The term 'spring water' can only be used for waters which meet the requirements set out in legislation below.
- EU legislation
- national legislation
- general provisions and labelling
Directive 2009/54/EC (OJ L 164, p45, 26.06.2009) of the European Parliament and of the Council of 18 June 2009 on the exploitation and marketing of natural mineral waters
Directive 2003/40/EC (OJ L 126, p34, 22.05.2003) of 16 May 2003 establishing the list, concentration limits and labelling requirements for the constituents of natural mineral waters and the conditions for using ozone-enriched air for the treatment of natural mineral waters and spring waters
Council Directive 98/83/EC (OJ L 330, p32, 5.12.1998) of 3 November 1998 on the quality of water intended for human consumption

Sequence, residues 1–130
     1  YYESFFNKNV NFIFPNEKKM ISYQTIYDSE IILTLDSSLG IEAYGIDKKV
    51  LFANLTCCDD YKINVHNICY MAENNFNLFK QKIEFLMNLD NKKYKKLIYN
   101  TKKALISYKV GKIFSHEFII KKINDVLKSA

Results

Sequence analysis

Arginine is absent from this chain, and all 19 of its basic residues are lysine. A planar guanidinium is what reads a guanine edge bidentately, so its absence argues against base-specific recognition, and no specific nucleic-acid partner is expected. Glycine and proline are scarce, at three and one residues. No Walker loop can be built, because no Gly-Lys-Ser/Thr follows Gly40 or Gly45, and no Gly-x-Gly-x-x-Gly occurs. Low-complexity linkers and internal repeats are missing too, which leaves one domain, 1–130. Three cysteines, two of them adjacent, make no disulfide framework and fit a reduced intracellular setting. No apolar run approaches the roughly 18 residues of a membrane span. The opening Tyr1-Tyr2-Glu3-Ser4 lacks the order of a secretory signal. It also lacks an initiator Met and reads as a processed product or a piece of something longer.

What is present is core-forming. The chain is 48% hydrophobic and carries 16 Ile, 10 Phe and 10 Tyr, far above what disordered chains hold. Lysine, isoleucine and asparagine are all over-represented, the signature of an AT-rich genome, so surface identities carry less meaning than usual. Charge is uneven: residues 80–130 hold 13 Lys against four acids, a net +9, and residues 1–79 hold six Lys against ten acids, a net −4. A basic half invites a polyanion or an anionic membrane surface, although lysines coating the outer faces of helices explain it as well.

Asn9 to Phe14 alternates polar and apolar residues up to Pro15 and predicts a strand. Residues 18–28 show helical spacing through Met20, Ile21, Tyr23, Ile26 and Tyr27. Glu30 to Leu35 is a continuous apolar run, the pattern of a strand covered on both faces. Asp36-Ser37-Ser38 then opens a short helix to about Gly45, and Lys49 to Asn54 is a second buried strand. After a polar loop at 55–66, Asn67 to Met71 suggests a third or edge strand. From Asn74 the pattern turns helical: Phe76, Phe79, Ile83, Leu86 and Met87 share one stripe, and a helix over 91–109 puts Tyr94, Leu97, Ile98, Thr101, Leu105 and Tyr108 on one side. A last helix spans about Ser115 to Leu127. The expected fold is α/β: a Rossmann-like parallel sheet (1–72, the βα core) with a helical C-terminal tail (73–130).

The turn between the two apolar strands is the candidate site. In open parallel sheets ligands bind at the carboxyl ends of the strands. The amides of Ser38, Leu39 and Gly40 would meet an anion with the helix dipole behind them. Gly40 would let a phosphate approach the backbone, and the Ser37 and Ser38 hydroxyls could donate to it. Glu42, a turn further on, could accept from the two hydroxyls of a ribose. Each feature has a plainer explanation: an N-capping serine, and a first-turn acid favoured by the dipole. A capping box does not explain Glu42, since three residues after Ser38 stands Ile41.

European Union (Natural Mineral Waters, Spring Waters and Other Waters in Bottles or Containers) Regulations 2016 (S.I. No. 282 of 2016)
General Provisions and Labelling
The requirements for a water to use the term 'Spring Water' are set out in Article 9(4) of Directive 2009/54/EC on natural mineral waters. Spring water is a description reserved for water which is intended for consumption in its natural state, comes from an underground source, protected from all risk of pollution and is bottled at source. Only very limited treatments are permitted. Spring water must also comply with the rules on drinking water.
Spring water, like natural mineral water, is exempt from Section 3 of Regulation (EU) No 1169/2011 on the provision of food information to consumers, which sets out the requirements for the nutrition declaration.